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Brand and Writing by, D.J. Butler


Four Different “Brands” to Manage on Your Road to Writing Success

Welcome, novelist. Like it or not, you’re an entrepreneur selling a product, or a line of products.

I think it’s useful to break the idea of brand up into several elements that you, a writer of fiction, should be considering. Let me start with two overall ideas, relevant to all the brand-specific concepts I’ll discuss.

One: brand is how you get recognized. You want people to hear a snatch of story and say, ‘that sounds like it was written by my favorite writer.’ You want people to see you, or hear your name, and immediately connect with the kinds of stories you write and other things that amuse and delight those people.

Two: to a surprisingly large degree, your brand is something you discover, rather than something that you choose. As a writer, choosing your brand can mean slow and painful change. But even when you don’t choose your brand, you communicate it, so it always pays to be thoughtful.

Book Brand

Book Brand, or Brand Proper, belongs to the writing. If you write consistently across all your fiction, it may be that you have a single brand, e.g. hard magic systems or retold fairytales. Not all writers stick to a single brand, though. Where they write more than one brand of fiction, they may use different names, e.g. J.K. Rowling and her thriller pseudonym, Robert Galbraith, or they may use variants of their name. I write as Dave Butler for children and D.J. Butler for older readers. Some writers use the same name to write multiple brands of fiction—did you know that Rick Riordan writes adult thrillers, too? But Rick Riordan, writer of classic mythology repurposed as a contemporary setting for middle grade adventure stories, and Rick Riordan, author of the thrillers about Tres Navarre, PhD, tai chi practitioner, and unlicensed detective are nevertheless two different brands.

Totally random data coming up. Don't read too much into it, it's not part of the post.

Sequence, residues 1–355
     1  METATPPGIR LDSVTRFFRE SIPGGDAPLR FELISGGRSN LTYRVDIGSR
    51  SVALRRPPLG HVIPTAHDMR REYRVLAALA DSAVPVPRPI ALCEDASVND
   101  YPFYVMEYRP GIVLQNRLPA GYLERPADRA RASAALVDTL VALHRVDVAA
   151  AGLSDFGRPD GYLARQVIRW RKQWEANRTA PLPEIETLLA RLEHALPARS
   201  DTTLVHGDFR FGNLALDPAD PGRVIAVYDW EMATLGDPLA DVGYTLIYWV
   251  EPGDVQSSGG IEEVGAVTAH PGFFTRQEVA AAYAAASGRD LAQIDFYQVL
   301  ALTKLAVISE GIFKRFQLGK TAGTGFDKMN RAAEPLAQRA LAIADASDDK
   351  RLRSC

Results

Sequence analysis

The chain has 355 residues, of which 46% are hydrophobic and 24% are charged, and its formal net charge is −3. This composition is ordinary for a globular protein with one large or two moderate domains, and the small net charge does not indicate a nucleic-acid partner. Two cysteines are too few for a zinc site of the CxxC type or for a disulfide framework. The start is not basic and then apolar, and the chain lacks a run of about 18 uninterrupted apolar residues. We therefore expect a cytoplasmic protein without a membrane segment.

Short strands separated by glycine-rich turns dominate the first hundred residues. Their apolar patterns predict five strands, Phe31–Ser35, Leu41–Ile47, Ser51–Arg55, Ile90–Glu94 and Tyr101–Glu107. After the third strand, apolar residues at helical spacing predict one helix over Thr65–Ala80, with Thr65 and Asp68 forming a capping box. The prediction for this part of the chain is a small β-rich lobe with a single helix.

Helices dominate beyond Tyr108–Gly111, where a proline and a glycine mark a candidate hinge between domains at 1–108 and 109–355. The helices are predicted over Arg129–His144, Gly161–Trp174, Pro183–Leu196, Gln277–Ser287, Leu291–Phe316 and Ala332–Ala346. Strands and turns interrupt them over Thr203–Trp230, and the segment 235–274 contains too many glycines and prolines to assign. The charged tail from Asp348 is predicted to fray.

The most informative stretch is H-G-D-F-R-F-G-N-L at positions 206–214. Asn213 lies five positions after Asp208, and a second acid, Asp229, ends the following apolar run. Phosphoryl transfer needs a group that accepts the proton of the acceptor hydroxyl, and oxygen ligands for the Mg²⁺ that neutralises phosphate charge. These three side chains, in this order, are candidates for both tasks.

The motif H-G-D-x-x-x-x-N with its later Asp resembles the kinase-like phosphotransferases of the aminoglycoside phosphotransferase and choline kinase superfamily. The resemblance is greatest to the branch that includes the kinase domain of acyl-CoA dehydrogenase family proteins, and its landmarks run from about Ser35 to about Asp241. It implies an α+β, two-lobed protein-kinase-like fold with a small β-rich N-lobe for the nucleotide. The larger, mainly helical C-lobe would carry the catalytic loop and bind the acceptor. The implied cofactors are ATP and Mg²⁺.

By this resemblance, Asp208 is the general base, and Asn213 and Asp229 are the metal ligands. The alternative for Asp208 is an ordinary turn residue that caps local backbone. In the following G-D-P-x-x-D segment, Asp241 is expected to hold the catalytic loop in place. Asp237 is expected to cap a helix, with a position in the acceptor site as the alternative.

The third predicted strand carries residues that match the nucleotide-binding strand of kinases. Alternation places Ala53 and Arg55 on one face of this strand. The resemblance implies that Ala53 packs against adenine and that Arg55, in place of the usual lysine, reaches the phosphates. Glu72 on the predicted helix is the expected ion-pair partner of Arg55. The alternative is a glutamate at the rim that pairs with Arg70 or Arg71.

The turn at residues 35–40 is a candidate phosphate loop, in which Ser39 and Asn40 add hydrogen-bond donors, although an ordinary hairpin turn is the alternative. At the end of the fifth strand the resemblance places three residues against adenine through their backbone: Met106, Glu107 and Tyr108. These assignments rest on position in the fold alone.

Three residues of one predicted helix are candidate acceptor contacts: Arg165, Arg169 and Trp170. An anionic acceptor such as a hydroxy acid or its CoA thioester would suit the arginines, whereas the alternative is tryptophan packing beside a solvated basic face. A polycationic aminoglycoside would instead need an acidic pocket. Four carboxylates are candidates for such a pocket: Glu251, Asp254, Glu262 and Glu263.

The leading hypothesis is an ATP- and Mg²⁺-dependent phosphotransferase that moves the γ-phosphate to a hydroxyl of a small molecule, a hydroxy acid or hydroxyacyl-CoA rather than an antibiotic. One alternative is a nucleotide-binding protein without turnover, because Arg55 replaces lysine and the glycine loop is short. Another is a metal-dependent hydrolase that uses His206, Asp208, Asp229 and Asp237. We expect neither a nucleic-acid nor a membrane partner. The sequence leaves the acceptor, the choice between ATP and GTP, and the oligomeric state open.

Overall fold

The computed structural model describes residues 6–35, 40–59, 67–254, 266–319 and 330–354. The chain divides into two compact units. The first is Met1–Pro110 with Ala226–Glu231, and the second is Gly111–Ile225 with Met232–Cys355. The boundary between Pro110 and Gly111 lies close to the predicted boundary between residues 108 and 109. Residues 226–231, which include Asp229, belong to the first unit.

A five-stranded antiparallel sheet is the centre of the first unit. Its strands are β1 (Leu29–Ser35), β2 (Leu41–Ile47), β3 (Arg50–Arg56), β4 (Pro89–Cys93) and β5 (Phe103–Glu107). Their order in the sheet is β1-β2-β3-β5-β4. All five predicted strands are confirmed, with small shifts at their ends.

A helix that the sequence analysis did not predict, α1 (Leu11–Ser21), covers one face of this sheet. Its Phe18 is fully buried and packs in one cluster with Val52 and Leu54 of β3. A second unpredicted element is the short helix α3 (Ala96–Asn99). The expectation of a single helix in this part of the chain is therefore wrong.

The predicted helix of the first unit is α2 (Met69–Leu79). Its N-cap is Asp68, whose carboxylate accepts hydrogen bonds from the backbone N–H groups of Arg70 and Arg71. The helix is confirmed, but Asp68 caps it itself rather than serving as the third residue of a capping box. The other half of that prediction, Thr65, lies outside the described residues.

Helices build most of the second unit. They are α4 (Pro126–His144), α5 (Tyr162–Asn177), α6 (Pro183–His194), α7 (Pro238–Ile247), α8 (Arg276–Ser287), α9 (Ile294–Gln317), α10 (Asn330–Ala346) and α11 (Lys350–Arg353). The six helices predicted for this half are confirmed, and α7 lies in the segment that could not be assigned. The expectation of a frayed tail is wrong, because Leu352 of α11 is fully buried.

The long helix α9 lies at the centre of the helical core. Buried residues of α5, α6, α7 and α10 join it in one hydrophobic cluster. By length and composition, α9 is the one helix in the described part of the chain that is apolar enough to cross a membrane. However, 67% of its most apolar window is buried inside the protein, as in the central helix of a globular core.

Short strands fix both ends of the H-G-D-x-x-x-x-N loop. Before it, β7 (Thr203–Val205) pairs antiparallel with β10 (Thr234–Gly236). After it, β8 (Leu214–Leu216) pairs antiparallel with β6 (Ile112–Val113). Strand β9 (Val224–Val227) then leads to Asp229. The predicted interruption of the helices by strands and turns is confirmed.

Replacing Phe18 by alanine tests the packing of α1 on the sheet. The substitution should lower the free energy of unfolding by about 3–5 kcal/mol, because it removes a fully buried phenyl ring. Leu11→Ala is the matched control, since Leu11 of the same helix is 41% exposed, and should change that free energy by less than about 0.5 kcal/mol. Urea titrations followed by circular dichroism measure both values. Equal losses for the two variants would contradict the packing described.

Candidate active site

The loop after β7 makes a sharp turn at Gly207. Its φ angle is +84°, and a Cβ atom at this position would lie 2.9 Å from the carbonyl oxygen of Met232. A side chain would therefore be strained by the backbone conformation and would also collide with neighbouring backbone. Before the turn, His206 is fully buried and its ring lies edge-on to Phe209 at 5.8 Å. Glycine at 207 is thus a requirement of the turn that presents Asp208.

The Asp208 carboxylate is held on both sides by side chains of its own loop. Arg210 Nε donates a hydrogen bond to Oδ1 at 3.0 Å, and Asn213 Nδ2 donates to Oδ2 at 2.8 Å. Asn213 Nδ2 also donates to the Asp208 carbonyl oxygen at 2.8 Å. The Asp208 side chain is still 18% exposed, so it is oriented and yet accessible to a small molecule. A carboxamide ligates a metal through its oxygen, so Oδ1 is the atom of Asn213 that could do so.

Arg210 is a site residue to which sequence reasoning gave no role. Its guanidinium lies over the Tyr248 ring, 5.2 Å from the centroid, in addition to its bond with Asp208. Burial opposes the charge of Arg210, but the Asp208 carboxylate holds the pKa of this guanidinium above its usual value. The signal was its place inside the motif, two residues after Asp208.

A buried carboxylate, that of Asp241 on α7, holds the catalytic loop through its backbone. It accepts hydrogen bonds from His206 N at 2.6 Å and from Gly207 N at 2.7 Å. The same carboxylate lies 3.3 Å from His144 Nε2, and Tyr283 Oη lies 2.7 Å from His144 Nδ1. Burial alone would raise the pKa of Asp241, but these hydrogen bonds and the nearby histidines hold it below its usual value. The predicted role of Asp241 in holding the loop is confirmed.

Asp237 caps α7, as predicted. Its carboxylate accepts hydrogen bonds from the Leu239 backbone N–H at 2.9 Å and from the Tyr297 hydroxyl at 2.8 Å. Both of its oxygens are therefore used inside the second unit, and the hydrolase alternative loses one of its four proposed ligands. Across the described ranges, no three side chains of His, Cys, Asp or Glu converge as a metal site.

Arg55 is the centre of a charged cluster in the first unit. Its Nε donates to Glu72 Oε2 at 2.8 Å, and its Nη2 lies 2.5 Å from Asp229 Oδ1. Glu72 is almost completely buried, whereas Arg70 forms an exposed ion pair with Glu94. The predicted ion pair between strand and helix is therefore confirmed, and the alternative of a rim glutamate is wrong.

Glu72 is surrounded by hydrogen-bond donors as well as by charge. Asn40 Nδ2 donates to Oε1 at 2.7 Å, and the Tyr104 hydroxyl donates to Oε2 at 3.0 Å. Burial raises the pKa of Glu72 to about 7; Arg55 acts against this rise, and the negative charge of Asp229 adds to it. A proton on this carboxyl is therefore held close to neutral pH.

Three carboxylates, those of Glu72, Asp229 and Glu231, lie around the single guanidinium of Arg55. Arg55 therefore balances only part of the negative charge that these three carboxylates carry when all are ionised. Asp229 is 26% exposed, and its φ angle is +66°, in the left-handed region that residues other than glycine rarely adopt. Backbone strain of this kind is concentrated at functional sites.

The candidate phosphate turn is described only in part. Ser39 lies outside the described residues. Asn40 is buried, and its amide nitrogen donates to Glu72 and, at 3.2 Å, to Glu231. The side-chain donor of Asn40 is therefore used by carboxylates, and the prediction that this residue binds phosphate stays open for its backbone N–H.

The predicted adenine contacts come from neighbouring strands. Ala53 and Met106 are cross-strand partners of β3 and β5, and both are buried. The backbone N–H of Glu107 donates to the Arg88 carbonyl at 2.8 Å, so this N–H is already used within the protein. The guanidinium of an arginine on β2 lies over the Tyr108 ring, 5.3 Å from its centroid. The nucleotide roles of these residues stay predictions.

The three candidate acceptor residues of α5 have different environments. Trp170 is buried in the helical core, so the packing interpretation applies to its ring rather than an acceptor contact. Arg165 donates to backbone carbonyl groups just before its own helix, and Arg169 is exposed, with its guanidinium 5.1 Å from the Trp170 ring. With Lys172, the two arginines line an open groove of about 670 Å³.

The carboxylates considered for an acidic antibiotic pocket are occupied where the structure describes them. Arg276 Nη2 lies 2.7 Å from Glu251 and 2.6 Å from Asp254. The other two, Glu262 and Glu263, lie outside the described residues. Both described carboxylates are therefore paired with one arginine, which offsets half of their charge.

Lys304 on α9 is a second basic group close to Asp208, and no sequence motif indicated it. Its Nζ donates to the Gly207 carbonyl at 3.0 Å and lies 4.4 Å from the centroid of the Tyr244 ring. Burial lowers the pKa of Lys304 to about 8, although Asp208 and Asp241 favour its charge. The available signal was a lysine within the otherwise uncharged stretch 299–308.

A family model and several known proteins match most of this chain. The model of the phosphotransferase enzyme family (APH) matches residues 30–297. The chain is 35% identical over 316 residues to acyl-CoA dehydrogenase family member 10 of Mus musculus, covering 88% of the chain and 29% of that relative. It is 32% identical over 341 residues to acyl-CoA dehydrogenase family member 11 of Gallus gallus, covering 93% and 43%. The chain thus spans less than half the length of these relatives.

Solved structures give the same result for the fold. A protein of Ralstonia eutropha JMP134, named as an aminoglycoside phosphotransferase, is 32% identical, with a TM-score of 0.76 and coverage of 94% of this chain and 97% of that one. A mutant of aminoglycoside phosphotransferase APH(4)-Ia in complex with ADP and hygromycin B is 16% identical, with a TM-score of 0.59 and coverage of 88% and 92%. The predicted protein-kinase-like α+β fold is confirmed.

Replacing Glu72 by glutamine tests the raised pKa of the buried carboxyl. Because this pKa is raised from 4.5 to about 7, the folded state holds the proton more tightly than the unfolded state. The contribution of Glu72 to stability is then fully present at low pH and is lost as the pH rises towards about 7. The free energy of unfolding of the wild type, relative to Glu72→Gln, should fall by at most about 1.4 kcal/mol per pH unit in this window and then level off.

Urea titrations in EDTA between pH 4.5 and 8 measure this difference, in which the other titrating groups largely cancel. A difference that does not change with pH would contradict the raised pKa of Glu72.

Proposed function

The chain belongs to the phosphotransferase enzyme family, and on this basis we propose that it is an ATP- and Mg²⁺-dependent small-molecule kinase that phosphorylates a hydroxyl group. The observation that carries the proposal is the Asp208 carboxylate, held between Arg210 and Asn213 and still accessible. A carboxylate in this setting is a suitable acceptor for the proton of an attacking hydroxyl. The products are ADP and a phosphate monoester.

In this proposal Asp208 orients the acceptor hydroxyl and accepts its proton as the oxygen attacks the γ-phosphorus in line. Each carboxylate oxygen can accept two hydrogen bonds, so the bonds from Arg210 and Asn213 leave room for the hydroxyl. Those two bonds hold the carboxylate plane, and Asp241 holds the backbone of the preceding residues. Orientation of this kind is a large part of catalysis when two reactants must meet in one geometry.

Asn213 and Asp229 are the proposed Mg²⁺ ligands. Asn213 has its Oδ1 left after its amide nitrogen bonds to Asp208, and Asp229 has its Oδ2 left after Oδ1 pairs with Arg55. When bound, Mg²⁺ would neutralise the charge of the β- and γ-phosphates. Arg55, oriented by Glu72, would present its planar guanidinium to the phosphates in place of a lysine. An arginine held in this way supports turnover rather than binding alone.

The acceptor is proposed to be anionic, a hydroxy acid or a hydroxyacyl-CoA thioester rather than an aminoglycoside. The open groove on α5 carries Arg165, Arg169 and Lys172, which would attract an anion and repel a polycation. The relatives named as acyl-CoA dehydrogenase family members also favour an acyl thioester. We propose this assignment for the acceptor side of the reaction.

Book Brand should be simple, easily communicated, and easily recognized. Disney’s films are magical family fun. Edgar Rice Burroughs wrote adventure on strange worlds. H.P. Lovecraft wrote monsters on nihilist earth. Jules Verne wrote scientific travel adventures. If you’re not sure what your brand is, try asking people who know your books to describe your brand in three or fewer words. If you think you may have more than one brand, ask the question about different series, and see what results you get. Another question to ask a patient reader might be, “If this book didn’t have a cover, how would you know it was a book by me?”

Knowing your Book Brand(s) will help you keep readers as you continue to write in the same brand, giving readers more of what they like you for. It will also help you choose appearances, covers, and marketing collateral, because you want all of those to scream your Book Brand as loudly as the books themselves do.